After Specialist Vanessa Guillen was killed by another soldier at Fort Hood last April, a civilian review panel looked at how Army investigators handled the case — and the base’s ability to respond to sexual assault and harassment allegations.
The report found the Army’s Criminal Investigation Command to be understaffed, under-resourced and unable to pursue some cases properly.
CID chief Major General Donna Martin gave an update regarding the group’s recommendations at a House Armed Services Committee hearing Tuesday.
“As a result of the Fort Hood independent findings, my command started a bottom-up risk assessment of the entire command,” she said.
In her opening remarks, Martin described two programs Fort Hood put in place after the report came out. But she didn’t give many examples of CID’s own reforms, which concerned Democratic Congresswoman Jackie Speier of California.
“I'm truly disappointed that that is the extent of what you have gleaned from the report,” she said after Martin’s address.
General Martin said she would push for 300 civilian agents to be added across the agency — some of whom would go to Fort Hood. She also said Army investigators can now stay in place longer when dealing with complex investigations.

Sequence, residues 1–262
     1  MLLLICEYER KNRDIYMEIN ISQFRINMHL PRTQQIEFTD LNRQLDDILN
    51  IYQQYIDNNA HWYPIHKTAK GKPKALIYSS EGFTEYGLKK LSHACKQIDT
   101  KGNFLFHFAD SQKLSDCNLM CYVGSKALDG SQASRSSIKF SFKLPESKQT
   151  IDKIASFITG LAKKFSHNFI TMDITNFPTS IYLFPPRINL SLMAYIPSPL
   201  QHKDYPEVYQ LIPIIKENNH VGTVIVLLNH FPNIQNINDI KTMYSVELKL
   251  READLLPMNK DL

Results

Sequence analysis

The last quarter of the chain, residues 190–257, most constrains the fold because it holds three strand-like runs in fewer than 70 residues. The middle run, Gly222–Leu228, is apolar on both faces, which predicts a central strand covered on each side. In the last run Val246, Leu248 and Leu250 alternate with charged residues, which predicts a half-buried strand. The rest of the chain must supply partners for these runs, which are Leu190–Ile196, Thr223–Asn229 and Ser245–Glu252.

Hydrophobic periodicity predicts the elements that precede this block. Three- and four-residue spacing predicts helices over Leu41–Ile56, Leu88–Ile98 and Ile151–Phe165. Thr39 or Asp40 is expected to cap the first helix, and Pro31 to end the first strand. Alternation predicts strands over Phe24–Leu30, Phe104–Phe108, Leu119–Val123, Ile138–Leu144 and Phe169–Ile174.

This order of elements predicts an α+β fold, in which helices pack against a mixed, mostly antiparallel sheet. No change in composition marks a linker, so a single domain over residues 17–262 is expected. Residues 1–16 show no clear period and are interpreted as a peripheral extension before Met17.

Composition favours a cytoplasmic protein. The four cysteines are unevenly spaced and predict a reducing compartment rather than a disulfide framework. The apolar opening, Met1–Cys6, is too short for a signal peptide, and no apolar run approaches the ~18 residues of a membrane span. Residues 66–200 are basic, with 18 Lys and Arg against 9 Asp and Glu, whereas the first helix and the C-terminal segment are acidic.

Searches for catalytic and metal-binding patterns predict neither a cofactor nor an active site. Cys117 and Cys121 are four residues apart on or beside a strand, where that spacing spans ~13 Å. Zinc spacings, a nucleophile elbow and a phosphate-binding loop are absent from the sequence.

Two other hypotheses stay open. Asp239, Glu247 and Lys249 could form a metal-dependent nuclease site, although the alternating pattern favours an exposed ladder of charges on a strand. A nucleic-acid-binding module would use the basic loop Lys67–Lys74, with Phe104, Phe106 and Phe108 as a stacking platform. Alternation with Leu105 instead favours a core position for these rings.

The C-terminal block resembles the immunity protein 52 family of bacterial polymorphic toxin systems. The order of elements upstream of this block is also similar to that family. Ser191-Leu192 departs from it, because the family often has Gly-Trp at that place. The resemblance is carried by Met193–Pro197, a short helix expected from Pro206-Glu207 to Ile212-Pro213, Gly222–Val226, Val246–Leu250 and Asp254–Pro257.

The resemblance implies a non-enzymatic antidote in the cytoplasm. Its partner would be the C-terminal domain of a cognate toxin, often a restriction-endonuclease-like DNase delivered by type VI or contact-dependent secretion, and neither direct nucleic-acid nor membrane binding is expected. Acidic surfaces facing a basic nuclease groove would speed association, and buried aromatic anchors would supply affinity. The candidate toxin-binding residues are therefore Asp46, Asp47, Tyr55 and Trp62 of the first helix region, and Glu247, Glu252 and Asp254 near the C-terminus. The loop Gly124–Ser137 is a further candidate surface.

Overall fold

The base has gotten better at forensic cell phone analysis, too, Martin added. Issues with cell phone tracking hampered the Guillen investigation and many other missing soldier cases.
But Representative Jim Banks, a Republican from Indiana, said he needed more details about how Martin had improved relationships with civilian law enforcement agencies around Fort Hood.
“I'm not hearing a specific answer about a specific effort at Fort Hood to repair damaged relationships. There should be an extra effort or strategy. I hope that you'll come back and give us more of a specific answer to that question,” Banks said.
CID may switch to a civilian-led agency, according to a report from Army Times. But that proposal hasn’t been approved by Army leaders.
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